Announcements: Assignment 1 due tomorrow in class. Questions? Roll Call Today: Vigenere ciphers

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Announcements: Assignment 1 due tomorrow in class. Questions? Roll Call Today: Vigenere ciphers

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Announcements: Assignment 1 due tomorrow in class. Questions? Roll Call Today: Vigenere ciphers

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DTTF/NB479: DszquphsbqizDay 5

- Announcements:
- Assignment 1 due tomorrow in class.

- Questions?
- Roll Call
- Today: Vigenere ciphers
- Pronunciation?

Vigenere Ciphers

- Idea: the key is a vector of shifts
- Ex. Use a word like hidden (7 8 3 3 4 13).
- Example:
- The recent development of various methods of
7 8 3 3 413 7 8 3 3 413 7 8 3 3 413 7 8 3 3 413 7 8 3 3 4 13 7 8 3 3 413 7 8

015 7 20 815112122 6 8 811191718161720 1 17 8 25132416172322 2511 11017 7 5 2113

- aph uiplvw giiltrsqrub ri znyqrxw zlbkrhf vn

- The recent development of various methods of

- Encryption:
- Repeat the vector as many times as needed to get the same length as the plaintext
- Add this repeated vector to the plaintext.
- Demo

Source

The recent development of various methods of modulation such as PCM and PPM which exchange bandwidth for signal-to-noise ratio has intensified the interest in a general theory of communication. A basis for such a theory is contained in the important papers of Nyquist and Hartley on this subject. In the present paper we will extend the theory to include a number of new factors, in particular the effect of noise in the channel, and the savings possible due to the statistical structure of the original message and due to the nature of the final destination of the information.

(Claude Shannon’s A Mathematical Theory Of Communication)

Security

- The vector isn’t known
- It’s length isn’t even known!
- With shift cipher, most frequent cipher letter is probably e.
- But here, e maps to H, I, L, … (spread out!)

- Consider 4 attacks:
- Known plaintext?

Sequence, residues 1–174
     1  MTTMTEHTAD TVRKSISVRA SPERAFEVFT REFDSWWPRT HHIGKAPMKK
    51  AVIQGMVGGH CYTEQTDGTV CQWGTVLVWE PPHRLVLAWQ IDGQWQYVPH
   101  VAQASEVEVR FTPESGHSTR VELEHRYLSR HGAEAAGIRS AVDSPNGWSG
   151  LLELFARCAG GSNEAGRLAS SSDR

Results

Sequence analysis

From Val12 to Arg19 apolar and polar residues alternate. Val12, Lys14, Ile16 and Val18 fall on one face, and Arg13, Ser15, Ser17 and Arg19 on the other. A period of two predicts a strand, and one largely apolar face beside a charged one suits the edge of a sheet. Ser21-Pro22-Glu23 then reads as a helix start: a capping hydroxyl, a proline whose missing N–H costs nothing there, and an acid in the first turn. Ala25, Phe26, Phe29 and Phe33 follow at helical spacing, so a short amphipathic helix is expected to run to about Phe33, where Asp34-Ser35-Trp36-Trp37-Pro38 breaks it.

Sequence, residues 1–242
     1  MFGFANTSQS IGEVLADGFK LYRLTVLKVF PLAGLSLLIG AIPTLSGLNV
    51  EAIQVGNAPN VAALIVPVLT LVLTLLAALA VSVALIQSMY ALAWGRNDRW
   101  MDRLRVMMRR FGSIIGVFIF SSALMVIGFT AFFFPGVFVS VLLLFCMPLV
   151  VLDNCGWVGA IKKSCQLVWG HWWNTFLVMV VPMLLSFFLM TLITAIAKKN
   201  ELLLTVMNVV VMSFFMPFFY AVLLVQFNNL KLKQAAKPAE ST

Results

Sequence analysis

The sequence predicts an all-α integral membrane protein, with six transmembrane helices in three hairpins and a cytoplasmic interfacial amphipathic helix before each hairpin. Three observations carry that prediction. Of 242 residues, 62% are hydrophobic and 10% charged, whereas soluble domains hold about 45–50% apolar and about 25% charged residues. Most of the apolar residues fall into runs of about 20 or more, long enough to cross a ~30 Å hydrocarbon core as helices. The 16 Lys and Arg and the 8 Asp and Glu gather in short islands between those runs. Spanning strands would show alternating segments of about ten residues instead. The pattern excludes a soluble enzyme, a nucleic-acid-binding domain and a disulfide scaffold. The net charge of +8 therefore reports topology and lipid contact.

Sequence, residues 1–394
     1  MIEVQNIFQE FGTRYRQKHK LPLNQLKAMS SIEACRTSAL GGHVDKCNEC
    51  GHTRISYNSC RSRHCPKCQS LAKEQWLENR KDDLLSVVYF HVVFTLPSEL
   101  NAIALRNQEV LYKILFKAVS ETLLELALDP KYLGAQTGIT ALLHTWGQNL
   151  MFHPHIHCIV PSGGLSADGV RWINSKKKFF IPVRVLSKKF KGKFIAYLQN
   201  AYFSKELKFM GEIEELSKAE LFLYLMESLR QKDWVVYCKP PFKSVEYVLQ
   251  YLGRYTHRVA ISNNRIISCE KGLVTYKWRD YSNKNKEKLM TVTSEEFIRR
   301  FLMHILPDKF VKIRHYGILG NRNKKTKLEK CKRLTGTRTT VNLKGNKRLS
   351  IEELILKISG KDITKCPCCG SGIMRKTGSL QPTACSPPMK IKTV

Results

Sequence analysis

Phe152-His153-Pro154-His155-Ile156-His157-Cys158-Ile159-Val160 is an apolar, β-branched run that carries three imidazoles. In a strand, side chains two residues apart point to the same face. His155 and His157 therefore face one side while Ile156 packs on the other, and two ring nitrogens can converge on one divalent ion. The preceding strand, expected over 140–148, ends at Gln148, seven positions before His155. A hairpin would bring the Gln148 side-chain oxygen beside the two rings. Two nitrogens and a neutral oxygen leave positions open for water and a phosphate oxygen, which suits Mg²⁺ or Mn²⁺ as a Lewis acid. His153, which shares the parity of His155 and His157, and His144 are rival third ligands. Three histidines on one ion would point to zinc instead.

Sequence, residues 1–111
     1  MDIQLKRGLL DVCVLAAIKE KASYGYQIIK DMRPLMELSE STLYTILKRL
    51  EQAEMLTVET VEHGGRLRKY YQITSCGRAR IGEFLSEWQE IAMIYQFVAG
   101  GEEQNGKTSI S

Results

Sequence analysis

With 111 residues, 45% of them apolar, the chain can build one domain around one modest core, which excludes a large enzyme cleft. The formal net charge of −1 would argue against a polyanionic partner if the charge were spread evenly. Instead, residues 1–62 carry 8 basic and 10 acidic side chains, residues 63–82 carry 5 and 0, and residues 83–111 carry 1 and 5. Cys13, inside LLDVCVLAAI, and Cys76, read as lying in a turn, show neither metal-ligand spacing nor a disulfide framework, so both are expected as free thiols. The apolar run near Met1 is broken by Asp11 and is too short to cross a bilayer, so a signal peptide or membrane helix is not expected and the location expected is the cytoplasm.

- Chosen plaintext?
- Chosen ciphertext?
- Ciphertext only?

- What would you do to simplify the problem?
- You can even assume that you know how long the key is…
- 3-4 min with a partner

H 0.061

I 0.070

J 0.002

K 0.008

L 0.040

M 0.024

N 0.067

O 0.075

P 0.019

Q 0.001

R 0.060

S 0.063

T 0.091

U 0.028

V 0.010

W 0.023

X 0.001

Y 0.020

Z 0.001

A 0.082

B 0.015

C 0.028

D 0.043

E 0.127

F 0.022

G 0.020

Graph:

- Consider Gadsby by Ernest Vincent Wright, February 1939:
- http://www.spinelessbooks.com/gadsby/01.html

- What do you notice about it?

- Assume we know the key length, L, …
- We’ll see how to find it shortly

- Method 1:
- Parse out the characters at positions p = 1 (mod L)
- These have all been shifted the same amount
- Do a frequency analysis to find shift
- The most frequent letter should be e, given enough text. Can verify to see how shift affects other letters.

- This gives the first letter of the key
- Repeat for positions p = 2, p = 3, … p = L
- Problem: involves some trial and error.
- For brute force to work, would need to brute force all letters of key simultaneously: _____ possibilities

- Parse out the characters at positions p = 1 (mod L)

- Consider A = (0.0820 0.0150 0.0280 0.0430 0.1270 0.0220 0.0200 0.0610 0.0700 0.0020 0.0080 0.0400 0.0240 0.0670 0.0750 0.0190 0.0010 0.0600 0.0630 0.0910 0.0280 0.0100 0.0230 0.0010 0.0200 0.0010)
- Ai = A displaced i positions to the right
- A0 .* A0 = ?
- A0 .* A1 = ?
- Ai .* Aj depends on _____ only.
- Max occurs when _____. 3 reasons why:

- What if the frequency of letters in the plaintext approximates A?
- Then for each k, frequency of each group of letters in position p = k (mod L) in the ciphertext approximates A.
- Then loop, displacing the ciphertext by i, and counting the number of coincidences.
- Get max when displace by correct key length
- So just look for the max!
shift

APHUIPLVWGIILTRSQRUBRIZNYQRXWZLBKRHFVN (0)

NAPHUIPLVWGIILTRSQRUBRIZNYQRXWZLBKRHFV (1)

VNAPHUIPLVWGIILTRSQRUBRIZNYQRXWZLBKRHF (2)

…

KRHFVNAPHUIPLVWGIILTRSQRUBRIZNYQRXWZLB (6) 5matches

Take any random pair in the ciphertext:

The letter in the top row is shifted by i (say 0)

The letter in the bottom row is shifted by j (say 2)

Prob(both ‘A’) = P(‘a’)*P(‘y’) = 0.082 * 0.020

Prob they are the same (any letter) is ______

When i=j, get max # of coincidences

Occurs when we shift by the correct key length

Demo

- Method 1
- Parse out the characters at positions p = 1 (mod L)
- These have all been shifted the same amount
- Do a frequency analysis to find shift
- The most frequent letter should be e, given enough text. Can verify to see how shift affects other letters.

- This gives the first letter of the key
- Repeat for positions p = 2, p = 3, … p = L

- Parse out the characters at positions p = 1 (mod L)

- Method 2
- Parse out the characters at positions p = 1 (mod L)
- These have all been shifted the same amount
- Get the whole freq. distribution W = (0.05, 0.002, …)
- W approximates A. Calculate
- Max occurs when we got the shift correct.
- Note we use the distribution of all 26 letters…more robust than just using 1 (‘e’).

- This gives the first letter of the key
- Repeat for positions p = 2, p = 3, … p = L

- Parse out the characters at positions p = 1 (mod L)

- Method 1
- Pros?

- Method 2
- Pros?

- Of my code…

- http://www.usafa.af.mil/df/dfcs/acis/applets/Vigenere.html
- Play with now and for homework
- Thanks to Dr. Dino Schweitzer, USAFA, who I met last Friday, for pointing me to his demo!
- Aren’t you glad I was at SIGCSE?

- What if we modified the Vigenere cipher so that each individual letter was not simply shifted, but the result of an affine function?